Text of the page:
During New York fashion week, we noticed that Vogue creative director Grace Coddington was carrying around an advance copy of her just-released memoir seemingly everywhere–even at fashion shows like Donna Karan and Rag & Bone.
And ever since I got a copy of Grace: A Memoir, I’ve been doing the same thing: toting the large orange tome around everywhere, prompting strangers on the subway and in elevators to ask “Is it good?” If my willingness to schlep a big hardcover around NYC wasn’t a clear indication of how I feel about the book, I happily spell it out for these inquiring minds: “Yes! It’s so good. You should get it.”
I’m not moonlighting as a Random House publicist. I just think the book is great.
As Anna Wintour said in an interview published in today’s Telegraph, “[Grace Coddington] is one of the great unsung heroines of our business.” This was a fact that became evident to everyone who saw The September Issue, where Coddington emerged as the star thanks to her wit, candor, and, well, her balls–she seemed to be the only one willing to talk back to Wintour.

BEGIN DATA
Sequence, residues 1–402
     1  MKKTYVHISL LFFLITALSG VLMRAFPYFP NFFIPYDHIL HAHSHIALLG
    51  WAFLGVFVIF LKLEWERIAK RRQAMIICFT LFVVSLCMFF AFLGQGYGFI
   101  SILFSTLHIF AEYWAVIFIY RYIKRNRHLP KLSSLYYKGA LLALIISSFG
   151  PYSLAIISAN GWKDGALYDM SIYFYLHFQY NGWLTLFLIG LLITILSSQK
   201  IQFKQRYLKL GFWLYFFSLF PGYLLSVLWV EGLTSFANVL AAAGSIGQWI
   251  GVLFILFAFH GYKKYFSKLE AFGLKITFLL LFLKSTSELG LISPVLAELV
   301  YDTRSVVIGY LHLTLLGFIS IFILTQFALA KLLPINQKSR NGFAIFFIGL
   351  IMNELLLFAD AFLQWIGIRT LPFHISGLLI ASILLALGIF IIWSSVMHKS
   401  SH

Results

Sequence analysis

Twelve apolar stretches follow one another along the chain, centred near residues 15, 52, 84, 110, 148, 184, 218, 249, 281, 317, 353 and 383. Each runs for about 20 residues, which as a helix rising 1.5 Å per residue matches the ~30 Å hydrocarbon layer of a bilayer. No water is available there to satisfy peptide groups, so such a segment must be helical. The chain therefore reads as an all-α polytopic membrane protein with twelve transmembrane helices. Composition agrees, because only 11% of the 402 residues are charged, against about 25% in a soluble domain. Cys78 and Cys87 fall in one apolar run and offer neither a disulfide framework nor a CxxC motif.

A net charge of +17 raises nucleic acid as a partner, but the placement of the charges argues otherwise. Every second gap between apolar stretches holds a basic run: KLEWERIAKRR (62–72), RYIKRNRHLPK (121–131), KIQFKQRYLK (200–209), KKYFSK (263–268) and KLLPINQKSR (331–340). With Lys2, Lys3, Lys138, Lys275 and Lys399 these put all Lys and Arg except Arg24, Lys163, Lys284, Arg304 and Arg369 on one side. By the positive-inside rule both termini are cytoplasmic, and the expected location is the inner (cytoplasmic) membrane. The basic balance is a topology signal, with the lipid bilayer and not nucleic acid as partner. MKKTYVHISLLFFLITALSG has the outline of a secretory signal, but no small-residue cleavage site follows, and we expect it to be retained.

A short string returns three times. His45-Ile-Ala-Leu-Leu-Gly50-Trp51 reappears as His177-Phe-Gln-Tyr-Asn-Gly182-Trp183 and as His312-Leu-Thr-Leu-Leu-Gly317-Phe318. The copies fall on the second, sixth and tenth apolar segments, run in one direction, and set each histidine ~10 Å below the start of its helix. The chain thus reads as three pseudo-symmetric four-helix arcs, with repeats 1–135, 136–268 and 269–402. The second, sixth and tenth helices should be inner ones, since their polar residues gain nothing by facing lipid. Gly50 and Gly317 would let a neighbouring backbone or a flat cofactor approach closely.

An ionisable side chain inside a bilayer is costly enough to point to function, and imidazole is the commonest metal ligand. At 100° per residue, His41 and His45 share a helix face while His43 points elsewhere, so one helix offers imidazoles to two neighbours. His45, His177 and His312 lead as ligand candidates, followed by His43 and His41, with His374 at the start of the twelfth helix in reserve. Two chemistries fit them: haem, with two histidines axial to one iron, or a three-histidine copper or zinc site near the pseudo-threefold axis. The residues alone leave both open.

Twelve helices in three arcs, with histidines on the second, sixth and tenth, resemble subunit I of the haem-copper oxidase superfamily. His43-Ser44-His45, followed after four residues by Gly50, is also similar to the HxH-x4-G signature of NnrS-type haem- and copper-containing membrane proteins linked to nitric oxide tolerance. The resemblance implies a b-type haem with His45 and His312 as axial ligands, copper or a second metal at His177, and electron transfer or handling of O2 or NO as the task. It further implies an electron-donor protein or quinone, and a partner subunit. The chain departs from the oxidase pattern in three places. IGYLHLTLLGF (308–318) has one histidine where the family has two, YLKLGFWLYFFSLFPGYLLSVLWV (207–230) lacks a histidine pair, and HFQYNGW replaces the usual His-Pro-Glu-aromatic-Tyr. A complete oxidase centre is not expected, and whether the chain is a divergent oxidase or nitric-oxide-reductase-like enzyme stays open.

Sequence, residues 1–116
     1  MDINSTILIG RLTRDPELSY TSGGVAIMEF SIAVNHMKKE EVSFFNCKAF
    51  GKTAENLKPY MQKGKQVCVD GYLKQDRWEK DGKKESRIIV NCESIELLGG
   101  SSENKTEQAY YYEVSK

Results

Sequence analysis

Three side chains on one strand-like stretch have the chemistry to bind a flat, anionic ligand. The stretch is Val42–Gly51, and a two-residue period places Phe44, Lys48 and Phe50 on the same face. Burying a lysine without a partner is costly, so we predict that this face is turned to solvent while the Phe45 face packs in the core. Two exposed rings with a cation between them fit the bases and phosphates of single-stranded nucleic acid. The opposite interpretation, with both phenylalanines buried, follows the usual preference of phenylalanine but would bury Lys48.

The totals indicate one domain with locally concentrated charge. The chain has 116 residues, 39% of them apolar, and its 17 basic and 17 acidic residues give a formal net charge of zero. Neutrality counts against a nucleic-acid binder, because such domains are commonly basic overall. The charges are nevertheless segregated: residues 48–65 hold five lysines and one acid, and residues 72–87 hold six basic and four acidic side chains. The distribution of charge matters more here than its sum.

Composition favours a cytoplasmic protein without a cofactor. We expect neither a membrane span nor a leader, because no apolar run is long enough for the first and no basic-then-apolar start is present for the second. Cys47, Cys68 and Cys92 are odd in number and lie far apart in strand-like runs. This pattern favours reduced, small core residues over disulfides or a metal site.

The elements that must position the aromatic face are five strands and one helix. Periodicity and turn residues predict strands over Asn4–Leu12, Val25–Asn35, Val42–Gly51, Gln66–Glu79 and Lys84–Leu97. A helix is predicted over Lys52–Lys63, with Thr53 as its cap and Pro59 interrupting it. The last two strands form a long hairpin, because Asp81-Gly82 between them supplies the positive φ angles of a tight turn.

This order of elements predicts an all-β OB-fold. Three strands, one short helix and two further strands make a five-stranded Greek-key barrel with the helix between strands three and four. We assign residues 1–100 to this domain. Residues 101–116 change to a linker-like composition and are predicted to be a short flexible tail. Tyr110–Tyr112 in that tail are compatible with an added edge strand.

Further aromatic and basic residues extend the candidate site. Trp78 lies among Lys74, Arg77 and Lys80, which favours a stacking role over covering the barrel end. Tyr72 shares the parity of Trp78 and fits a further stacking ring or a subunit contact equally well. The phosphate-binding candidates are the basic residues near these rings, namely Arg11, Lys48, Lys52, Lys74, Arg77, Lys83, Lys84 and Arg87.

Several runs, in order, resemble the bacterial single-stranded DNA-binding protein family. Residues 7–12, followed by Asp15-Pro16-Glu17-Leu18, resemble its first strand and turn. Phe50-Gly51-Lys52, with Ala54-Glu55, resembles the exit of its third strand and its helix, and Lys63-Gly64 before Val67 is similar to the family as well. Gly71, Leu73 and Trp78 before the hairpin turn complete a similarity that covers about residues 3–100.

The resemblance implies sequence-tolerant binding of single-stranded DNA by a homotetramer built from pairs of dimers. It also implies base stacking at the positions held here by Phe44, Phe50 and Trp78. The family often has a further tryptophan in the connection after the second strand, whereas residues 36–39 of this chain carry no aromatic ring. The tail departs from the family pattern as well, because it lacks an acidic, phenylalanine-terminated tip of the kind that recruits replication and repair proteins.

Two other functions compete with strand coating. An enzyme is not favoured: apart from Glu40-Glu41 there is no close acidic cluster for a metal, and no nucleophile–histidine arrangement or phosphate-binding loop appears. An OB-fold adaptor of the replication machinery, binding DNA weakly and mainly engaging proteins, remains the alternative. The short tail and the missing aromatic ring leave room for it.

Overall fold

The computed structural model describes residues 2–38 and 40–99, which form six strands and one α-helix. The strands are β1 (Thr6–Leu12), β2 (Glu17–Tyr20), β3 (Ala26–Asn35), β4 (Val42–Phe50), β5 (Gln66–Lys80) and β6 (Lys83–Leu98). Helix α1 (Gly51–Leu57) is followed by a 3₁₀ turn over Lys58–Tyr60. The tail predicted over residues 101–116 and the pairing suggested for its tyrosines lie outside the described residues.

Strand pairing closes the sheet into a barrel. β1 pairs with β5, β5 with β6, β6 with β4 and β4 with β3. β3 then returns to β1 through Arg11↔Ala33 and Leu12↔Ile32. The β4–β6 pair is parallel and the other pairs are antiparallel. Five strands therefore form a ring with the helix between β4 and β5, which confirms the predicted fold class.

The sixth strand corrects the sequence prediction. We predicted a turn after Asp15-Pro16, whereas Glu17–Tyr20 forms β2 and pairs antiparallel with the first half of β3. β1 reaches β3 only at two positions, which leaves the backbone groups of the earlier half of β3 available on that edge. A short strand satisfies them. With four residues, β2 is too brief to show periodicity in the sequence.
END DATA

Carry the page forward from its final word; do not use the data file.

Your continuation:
Though Coddington is more of a behind-the-scenes person–her job requires it and she describes herself as shy and reserved (in high school Coddington’s parents arranged for her to eat at a quiet cafe so she “didn’t have to talk to anyone”)–when The September Issue made her a star. Doing press for the doc forced Coddington to open up and she figured “maybe I had a bigger story to share.”
And we’re so glad she did because Coddington’s life story is not only funny (she’s got a distintictive blunt, “let’s get on with it” kind of tone) and inspiring, but it’s also an insider’s history of the fashion industry and how it’s changed from the 1950s to today. Starting her career as a model in the ’50s and becoming an editor at British Vogue in the ’60s before moving on to American Vogue in the ’80s–Coddington has truly seen it all.
Here’s what we learned, in Coddington’s own words.
Photos: Courtesy Grace: A Memoir (Random House New York)